Using automation in non-residential buildings to cut off standby devices
Andrew, Darren (2019)
School of Engineering Science, Tietotekniikka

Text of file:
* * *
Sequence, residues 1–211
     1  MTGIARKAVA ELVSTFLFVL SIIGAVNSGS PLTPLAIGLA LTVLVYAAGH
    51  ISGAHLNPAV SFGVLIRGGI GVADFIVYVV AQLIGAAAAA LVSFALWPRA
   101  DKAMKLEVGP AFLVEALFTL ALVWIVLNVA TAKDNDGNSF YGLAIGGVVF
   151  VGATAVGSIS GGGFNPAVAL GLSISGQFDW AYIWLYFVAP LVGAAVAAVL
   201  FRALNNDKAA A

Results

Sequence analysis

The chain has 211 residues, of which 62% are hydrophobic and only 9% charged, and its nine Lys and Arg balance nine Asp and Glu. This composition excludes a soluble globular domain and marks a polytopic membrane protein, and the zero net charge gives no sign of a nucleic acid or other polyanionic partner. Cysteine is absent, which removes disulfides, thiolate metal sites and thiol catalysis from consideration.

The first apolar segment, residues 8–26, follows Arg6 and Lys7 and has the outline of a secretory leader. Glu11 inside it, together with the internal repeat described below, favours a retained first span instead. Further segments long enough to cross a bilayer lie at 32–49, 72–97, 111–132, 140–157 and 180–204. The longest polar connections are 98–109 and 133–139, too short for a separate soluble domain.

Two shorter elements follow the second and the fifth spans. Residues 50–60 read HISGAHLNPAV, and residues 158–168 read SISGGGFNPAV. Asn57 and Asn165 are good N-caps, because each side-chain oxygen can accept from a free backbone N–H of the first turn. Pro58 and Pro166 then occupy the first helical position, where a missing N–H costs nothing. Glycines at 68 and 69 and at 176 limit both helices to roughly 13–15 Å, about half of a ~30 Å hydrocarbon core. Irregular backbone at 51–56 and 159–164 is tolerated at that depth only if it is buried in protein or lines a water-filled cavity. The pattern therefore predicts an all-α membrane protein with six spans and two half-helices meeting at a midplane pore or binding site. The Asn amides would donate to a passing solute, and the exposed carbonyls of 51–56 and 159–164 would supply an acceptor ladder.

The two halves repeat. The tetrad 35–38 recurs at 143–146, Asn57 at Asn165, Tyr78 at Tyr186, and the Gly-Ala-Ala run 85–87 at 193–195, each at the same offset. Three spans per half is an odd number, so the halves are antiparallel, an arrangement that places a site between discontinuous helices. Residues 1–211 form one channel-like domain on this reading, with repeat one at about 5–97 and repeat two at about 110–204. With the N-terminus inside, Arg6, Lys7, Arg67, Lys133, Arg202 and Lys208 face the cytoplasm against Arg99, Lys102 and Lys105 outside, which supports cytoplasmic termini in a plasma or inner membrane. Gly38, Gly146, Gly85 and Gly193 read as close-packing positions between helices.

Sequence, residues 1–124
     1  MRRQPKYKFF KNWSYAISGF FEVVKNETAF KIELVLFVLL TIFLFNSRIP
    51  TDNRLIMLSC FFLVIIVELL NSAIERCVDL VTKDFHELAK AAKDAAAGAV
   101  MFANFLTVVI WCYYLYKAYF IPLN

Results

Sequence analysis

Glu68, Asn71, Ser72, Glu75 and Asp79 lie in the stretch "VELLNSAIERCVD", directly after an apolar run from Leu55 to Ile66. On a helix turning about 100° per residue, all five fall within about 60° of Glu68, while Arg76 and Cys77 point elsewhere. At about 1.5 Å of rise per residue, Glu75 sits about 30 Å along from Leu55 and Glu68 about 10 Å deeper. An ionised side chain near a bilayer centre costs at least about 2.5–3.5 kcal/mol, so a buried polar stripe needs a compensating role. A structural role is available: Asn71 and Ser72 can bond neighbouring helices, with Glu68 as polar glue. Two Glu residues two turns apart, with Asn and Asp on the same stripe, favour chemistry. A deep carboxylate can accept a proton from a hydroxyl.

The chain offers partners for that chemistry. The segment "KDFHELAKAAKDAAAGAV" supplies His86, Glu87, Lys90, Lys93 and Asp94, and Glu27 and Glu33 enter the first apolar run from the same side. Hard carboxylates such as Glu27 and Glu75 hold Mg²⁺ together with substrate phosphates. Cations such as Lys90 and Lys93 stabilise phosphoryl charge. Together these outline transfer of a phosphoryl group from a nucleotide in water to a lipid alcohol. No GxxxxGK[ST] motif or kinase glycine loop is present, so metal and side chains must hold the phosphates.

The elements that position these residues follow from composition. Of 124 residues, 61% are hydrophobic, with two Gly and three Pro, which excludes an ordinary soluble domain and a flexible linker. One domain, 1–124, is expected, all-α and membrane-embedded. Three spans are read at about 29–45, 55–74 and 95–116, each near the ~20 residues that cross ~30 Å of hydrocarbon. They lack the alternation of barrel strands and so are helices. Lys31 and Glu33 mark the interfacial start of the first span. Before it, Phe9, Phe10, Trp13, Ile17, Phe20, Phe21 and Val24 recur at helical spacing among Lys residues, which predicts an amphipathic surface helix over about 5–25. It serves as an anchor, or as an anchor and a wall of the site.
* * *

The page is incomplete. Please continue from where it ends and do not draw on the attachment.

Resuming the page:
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Residential and commercial buildings are one of the major contributors to energy consumption in the EU, accounting for up to 40$\%$ of total energy consumed (European commision, 2015). As Indicated by the Energy Performance of Buildings Directive, all new buildings after 2020 have to be nearly zero stock and overall the EU is moving towards zero stock energy use in buildings by 2050. With this in mind there is a need to lower current energy consumption in buildings. While many studies focus on the energy usage of households, few of them discuss energy use in a university and company context (i.e. commercial buildings). Within this area a low hanging fruit that could help decrease energy consumption is stand-by power, the consumption of power when a device is not in use. Stand-by power can consume up to 8$\%$ of a devices total energy use over its lifetime. To alleviate this problem this research, first collected data from other literature to understand the composition of an office building and with this data we created scenarios to calculate the time it would take for an automated system using different levels of automated to return a monetary value. The return on investment varies per country and scenario it is 400 days on average for Germany and 700 for Finland.